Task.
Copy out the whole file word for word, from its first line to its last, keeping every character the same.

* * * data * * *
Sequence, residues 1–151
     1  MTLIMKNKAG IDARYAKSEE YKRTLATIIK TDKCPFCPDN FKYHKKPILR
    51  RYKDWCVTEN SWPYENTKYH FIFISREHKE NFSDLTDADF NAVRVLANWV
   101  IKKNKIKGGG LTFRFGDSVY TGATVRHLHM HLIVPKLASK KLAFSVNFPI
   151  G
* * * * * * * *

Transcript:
Sequence, residues 1–151
     1  MTLIMKNKAG IDARYAKSEE YKRTLATIIK TDKCPFCPDN FKYHKKPILR
    51  RYKDWCVTEN SWPYENTKYH FIFISREHKE NFSDLTDADF NAVRVLANWV
   101  IKKNKIKGGG LTFRFGDSVY TGATVRHLHM HLIVPKLASK KLAFSVNFPI
   151  G